Companies in Brief

Colony Capital: A Tug-of-War Over a White Elephant

An investor group led by Colony Capital lost control of the $2 billion Meadowlands shopping mall to creditors. Designed to include an indoor ski slope and a Ferris wheel, the New Jersey mall sits unfinished after Colony took over the project from the developer, which ran out of money. Frustrated by ongoing delays, the lenders—which include Credit Suisse (CS) and Capmark—elbowed Colony and its partners out. The banks are seeking an operator that will rebrand the complex and complete it before the 2014 Super Bowl at the New Meadowlands Sports Stadium.

AIG: Another Sale, Another Loss

American International Group (AIG) will book a $1.9 billion pretax loss from the sale of a majority stake in its consumer lending division to Fortress Investment Group (FIG). American General Finance, which the New York-based insurer had valued at $2.4 billion, has posted about $1.7 billion in operating losses since 2008 and racked up more than $17 billion in debt. AIG's move to divest the unit is part of a broader financial industry trend that has seen Wells Fargo (WFC) and Citigroup (C), among others, pare back consumer loan operations.

Netflix: Putting More Money Behind On-Demand

Netflix's (NFLX) library of on-demand movies is about to get a lot bigger as of Sept. 1. The movie-rental service has inked a five-year, $900 million deal with Viacom's (VIA) pay-television channel Epix that will give Netflix access to films from Paramount Pictures, Lionsgate (LFG), and MGM. Netflix, which built its business on sending DVDs through the mail, says 61 percent of its 15 million subscribers now use the online viewing service.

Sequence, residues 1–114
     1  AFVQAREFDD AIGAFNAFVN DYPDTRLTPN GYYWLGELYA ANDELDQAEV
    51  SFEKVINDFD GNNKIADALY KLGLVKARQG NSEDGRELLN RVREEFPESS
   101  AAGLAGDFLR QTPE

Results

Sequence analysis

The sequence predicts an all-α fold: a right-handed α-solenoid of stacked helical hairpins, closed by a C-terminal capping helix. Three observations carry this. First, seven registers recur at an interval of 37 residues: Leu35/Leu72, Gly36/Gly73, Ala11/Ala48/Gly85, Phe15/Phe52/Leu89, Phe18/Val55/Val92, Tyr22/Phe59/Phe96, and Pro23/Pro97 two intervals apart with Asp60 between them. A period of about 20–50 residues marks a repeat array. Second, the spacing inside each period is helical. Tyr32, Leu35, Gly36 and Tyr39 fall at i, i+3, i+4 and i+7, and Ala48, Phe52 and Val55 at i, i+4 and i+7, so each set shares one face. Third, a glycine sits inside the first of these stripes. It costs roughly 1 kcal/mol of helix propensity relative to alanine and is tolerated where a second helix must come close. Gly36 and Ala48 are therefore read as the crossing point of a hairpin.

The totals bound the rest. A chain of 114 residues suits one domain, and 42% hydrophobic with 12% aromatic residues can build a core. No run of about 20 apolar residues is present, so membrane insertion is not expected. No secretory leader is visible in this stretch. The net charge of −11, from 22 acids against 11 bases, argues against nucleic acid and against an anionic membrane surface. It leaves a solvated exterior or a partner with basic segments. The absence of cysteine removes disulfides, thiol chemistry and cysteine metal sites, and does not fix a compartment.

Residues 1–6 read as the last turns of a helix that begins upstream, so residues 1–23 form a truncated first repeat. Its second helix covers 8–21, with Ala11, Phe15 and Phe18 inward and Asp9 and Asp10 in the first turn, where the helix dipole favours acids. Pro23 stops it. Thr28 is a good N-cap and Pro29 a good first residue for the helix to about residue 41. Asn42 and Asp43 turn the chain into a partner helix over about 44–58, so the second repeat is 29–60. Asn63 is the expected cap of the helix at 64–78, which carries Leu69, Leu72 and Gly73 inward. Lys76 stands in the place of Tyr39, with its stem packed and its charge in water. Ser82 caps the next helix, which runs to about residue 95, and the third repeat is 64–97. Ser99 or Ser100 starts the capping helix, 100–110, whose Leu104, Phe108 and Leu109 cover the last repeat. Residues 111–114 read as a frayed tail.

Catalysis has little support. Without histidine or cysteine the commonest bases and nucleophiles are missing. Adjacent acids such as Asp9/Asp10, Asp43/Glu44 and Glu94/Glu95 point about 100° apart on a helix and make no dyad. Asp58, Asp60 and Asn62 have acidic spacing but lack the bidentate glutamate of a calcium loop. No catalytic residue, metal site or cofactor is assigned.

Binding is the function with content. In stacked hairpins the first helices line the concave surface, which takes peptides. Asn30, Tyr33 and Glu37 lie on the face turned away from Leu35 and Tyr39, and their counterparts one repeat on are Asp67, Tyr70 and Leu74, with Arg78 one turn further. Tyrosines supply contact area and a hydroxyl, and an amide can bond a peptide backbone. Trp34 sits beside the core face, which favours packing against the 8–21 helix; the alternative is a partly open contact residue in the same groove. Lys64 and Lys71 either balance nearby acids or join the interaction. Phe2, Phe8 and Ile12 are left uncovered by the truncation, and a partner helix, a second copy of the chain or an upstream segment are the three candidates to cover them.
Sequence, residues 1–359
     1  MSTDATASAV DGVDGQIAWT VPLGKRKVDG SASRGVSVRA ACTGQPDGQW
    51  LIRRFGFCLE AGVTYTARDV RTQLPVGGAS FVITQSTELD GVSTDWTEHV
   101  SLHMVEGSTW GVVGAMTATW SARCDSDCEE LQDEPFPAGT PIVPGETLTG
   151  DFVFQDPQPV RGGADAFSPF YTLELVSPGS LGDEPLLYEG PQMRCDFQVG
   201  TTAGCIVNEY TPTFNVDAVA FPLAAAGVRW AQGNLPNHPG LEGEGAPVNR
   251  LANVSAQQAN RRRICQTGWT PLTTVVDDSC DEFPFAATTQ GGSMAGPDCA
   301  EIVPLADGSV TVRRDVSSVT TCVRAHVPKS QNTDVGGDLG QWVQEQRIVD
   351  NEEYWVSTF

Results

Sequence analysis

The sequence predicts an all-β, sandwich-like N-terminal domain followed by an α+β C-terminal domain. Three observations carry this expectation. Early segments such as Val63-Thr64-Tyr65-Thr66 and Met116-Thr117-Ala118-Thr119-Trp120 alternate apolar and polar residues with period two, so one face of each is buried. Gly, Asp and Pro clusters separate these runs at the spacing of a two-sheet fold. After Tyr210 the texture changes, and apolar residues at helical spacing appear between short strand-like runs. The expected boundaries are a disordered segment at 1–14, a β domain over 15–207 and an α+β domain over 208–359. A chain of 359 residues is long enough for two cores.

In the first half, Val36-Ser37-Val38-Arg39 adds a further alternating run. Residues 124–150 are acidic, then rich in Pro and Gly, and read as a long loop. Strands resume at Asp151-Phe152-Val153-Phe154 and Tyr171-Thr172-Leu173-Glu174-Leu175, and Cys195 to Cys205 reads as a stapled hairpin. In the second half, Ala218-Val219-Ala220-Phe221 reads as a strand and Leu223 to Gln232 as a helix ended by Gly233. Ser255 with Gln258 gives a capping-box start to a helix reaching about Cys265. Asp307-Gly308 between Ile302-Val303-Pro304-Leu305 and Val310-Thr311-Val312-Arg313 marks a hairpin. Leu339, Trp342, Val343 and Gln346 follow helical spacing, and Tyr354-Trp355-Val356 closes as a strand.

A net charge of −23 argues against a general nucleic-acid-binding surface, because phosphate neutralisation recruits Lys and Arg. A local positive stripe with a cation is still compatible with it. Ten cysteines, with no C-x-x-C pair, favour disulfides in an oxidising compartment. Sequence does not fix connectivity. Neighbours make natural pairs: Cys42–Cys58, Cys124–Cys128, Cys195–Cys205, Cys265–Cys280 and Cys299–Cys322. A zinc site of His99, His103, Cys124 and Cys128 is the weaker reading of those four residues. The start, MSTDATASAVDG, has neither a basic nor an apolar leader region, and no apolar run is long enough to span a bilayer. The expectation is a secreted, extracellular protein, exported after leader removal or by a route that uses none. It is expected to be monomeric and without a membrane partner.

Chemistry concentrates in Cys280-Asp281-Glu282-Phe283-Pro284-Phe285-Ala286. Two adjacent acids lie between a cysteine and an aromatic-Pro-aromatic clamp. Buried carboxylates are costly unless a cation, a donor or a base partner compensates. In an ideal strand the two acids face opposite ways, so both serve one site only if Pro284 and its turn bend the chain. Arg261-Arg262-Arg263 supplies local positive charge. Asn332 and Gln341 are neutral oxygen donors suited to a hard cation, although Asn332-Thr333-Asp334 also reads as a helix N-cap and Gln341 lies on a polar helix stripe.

Toyota: Test Show Drivers at Fault in Many Crashes

A new report from the National Highway Traffic Safety Administration shows that Toyota (TM) drivers failed to apply the brakes in 35 of 58 crashes tied to unintended acceleration. The agency also found no evidence of electronics-related causes for the accidents in reviewing the vehicle recorders, known as black boxes. The Japanese automaker says that its tests have revealed no flaws in the electronic controls on its vehicles and that the crashes were caused by motorists who confused the accelerator with the brake pedal. Toyota is facing a shareholder lawsuit accusing the company of failing to disclose defects related to unintended acceleration. A final verdict from the NHTSA won't come until the agency finishes conducting its review.

KKR: The Buyout Firm Is Not Selling

Private equity firm KKR shelved plans to raise $500 million from a sale of its shares, citing unfavorable market conditions. The New York buyout firm founded by Henry Kravis and George Roberts in 1976 transferred its listing to the New York Stock Exchange (NYX) from Amsterdam last month. KKR reported a 29 percent drop in net income for the second quarter because of lower income from investments.

Skype: Will Investors Pay for Something That's Free?

Skype, the Luxembourg-based company that provides software that lets users make telephone and video calls over the Internet for free, filed to sell $100 million of shares in an initial public offering in the U.S. The company, whose investors include eBay (EBAY) and private equity firm Silver Lake, has lost money in four of the last five years. It had 560 million registered users as of the end of June, but only 1.4 percent are paying customers. To remedy that, Skype is developing premium services such as group video calling and pursuing corporate accounts. Separately, satellite TV service BSkyB, which is part owned by News Corp. (NWS), says Skype should not be allowed to trademark its name because it's confusingly similar to the Sky brand.

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